Prof. Valeria Pietropaolo
Guest Editor

Manuscript Submission Information

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Keywords

  • BK virus
  • BK virus strains
  • subtyping
  • transplantation
  • immunosuppressive therapy
  • kidney transplant
  • BKVAN
  • haemorrhagic cystitis
  • noncoding control region (NCCR)
  • VP1

Published Papers (12 papers)

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Editorial

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Editorial
BK Virus and Transplantation
Viruses 2021, 13(5), 733; https://doi.org/10.3390/v13050733 - 22 Apr 2021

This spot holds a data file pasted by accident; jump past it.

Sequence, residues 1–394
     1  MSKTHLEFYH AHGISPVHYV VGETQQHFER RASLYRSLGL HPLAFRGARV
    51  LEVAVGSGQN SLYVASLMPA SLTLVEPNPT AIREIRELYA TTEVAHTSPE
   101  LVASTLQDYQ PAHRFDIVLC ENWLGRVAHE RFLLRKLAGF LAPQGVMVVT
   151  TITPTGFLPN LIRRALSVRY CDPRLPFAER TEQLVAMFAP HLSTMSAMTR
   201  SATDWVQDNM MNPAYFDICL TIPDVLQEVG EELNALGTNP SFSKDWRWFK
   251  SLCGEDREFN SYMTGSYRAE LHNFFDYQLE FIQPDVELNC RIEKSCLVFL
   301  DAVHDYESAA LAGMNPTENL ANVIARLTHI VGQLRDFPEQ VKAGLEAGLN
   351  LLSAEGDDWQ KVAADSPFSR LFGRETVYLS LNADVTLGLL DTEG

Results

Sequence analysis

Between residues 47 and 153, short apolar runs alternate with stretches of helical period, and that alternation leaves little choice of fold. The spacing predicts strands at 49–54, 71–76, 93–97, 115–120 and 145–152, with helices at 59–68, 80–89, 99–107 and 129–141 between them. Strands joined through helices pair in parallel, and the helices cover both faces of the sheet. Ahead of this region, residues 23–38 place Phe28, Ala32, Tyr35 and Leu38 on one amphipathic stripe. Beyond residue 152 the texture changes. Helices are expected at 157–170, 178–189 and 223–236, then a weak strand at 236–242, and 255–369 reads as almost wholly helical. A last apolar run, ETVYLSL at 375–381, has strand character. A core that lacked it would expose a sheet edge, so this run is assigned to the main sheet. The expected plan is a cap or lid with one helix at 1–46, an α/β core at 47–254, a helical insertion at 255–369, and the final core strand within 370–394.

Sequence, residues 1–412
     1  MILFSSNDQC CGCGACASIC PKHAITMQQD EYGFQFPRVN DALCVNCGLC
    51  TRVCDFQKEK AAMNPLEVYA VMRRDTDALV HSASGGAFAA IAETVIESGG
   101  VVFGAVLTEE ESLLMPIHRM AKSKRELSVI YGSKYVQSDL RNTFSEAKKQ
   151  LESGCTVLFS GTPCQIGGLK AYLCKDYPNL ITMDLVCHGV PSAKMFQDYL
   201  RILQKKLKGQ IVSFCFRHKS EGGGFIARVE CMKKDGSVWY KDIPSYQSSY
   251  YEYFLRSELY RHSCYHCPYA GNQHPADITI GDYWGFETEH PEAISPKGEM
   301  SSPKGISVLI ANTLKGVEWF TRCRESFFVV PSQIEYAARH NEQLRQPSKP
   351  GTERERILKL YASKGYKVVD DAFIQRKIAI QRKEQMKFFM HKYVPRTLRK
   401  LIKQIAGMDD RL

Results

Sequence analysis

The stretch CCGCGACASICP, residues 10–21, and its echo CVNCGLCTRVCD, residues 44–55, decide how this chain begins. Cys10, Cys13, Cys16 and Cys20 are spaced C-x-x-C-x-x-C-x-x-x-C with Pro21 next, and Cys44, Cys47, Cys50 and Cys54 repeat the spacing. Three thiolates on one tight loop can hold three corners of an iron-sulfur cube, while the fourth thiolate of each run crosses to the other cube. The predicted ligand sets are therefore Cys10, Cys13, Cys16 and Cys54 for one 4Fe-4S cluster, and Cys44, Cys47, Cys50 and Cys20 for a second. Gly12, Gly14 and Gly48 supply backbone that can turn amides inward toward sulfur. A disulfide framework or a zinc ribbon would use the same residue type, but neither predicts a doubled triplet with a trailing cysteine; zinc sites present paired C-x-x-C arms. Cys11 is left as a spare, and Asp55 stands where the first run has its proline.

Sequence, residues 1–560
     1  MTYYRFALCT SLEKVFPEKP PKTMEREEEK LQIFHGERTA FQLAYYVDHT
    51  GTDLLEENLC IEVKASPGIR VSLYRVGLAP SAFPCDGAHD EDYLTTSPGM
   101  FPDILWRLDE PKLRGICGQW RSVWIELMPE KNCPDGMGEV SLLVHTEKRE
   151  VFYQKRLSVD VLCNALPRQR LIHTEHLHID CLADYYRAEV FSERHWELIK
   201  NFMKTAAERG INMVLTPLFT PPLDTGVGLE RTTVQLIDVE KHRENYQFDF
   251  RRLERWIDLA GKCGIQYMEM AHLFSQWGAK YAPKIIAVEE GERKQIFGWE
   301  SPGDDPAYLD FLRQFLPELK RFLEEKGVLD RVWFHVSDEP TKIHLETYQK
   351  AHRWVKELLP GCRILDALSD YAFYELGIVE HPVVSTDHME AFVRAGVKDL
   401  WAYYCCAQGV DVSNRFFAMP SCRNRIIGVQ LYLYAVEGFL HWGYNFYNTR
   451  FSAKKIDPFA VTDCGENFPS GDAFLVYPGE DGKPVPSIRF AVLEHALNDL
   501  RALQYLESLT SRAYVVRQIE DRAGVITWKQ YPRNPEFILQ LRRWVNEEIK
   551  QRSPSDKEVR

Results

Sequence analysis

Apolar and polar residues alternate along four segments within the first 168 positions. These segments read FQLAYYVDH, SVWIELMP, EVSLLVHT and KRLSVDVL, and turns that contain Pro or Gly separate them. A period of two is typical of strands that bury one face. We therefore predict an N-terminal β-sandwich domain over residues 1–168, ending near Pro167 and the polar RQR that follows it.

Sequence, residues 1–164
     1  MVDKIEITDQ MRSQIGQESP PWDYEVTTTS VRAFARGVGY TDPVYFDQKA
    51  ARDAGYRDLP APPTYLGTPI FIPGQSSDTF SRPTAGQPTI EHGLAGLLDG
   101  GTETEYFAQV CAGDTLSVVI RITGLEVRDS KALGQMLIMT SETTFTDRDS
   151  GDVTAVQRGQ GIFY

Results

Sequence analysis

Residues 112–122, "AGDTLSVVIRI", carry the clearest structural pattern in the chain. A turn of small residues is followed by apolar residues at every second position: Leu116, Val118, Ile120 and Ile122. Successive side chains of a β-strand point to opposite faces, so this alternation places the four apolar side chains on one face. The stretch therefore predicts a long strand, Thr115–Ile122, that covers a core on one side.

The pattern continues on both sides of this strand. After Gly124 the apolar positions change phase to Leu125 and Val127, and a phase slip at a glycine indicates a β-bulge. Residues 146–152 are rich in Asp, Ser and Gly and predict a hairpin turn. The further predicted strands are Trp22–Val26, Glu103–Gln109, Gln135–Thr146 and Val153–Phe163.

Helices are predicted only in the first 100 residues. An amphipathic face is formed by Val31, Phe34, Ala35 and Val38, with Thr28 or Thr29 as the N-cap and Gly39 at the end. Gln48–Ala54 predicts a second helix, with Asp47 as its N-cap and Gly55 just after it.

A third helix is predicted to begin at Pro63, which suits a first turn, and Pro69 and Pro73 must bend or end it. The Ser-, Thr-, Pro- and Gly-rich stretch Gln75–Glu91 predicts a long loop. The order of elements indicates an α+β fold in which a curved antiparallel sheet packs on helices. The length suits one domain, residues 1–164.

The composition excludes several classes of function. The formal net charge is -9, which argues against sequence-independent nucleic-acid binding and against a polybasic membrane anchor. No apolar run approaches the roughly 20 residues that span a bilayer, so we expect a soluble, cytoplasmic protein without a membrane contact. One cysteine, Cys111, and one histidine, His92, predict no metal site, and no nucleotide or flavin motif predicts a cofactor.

Viewed by 366
Abstract
As guest editors, we are pleased to present this Special Issue on BK virus (BKV) and transplantation with the intention of exploring some aspects related to BKV-associated diseases in transplant recipients, since they are still unclear [...] Full article
(This article belongs to the Special Issue BK Virus and Transplantation)

Research

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Article
High Incidence and Early Onset of Urinary Tract Cancers in Patients with BK Polyomavirus Associated Nephropathy
Viruses 2021, 13(3), 476; https://doi.org/10.3390/v13030476 - 14 Mar 2021
Cited by 1 | Viewed by 510
Abstract
Over-immunosuppressed kidney transplant recipients are susceptible to malignancies and BK polyomavirus (BKPyV)-associated nephropathy (BKPyVAN). This study aimed to verify the association between BKPyV infection and urinary tract cancers (UTC). A total of 244 kidney transplant recipients were enrolled at Chang Gung Memorial Hospital [...] Read more.